As local antipathy lingers over the concentrated presence of U.S. military bases in Okinawa, the government of Prime Minister Ryutaro Hashimoto has been trying to show its willingness to help bring sustainable economic growth to the southernmost prefecture independent from state subsidies, a long-cherished wish of Okinawa.
But it remains to be seen when and whether the people of Okinawa can get what they really want. The central government has proposed a package of 34 projects ranging from infrastructure programs to a series of deregulatory and economic promotional measures to improve the overall business environment.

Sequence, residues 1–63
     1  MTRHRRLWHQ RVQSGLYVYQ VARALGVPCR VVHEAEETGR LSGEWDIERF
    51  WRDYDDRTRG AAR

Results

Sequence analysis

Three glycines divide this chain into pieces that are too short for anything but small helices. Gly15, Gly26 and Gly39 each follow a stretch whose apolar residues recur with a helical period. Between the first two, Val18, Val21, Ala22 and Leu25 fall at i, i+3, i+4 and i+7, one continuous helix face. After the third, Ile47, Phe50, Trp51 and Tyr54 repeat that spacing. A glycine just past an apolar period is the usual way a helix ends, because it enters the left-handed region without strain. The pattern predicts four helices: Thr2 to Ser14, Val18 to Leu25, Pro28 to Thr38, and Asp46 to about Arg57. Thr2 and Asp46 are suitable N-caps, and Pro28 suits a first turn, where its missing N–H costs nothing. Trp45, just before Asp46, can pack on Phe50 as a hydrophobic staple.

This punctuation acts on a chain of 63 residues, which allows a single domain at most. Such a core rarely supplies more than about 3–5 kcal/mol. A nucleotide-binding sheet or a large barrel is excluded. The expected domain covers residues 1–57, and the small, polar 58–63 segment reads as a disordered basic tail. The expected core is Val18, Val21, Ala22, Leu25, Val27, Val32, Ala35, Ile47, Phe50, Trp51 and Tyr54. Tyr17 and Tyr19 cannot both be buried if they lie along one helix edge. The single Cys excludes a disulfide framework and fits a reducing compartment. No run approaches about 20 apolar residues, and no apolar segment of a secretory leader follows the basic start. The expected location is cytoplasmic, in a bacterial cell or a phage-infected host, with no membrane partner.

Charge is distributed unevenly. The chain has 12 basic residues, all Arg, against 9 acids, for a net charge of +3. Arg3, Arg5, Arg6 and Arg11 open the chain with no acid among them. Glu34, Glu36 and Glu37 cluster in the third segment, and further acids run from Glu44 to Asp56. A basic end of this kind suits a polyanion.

For instance, the package calls for introducing an advanced telecommunications network, upgrading port facilities and creating an integrated multilayered transportation system to ensure a smooth flow of people and goods. The measures are meant to help achieve Okinawa’s aspiration to become an international port center serving as a core transit station for expanding trade in Asia.
Although it is a remote island prefecture from Tokyo’s point of view, both the central and local governments see Okinawa on a greater scope as an area of great geographical advantage, located in the very middle of East Asia with major cities such as Tokyo, Hong Kong and Taipei within a radius of 3,000 km. The government set aside 5 billion yen from the fiscal 1996 supplementary budget for a feasibility study on those projects, in line with Hashimoto’s promise to Okinawa Gov. Masahide Ota in September.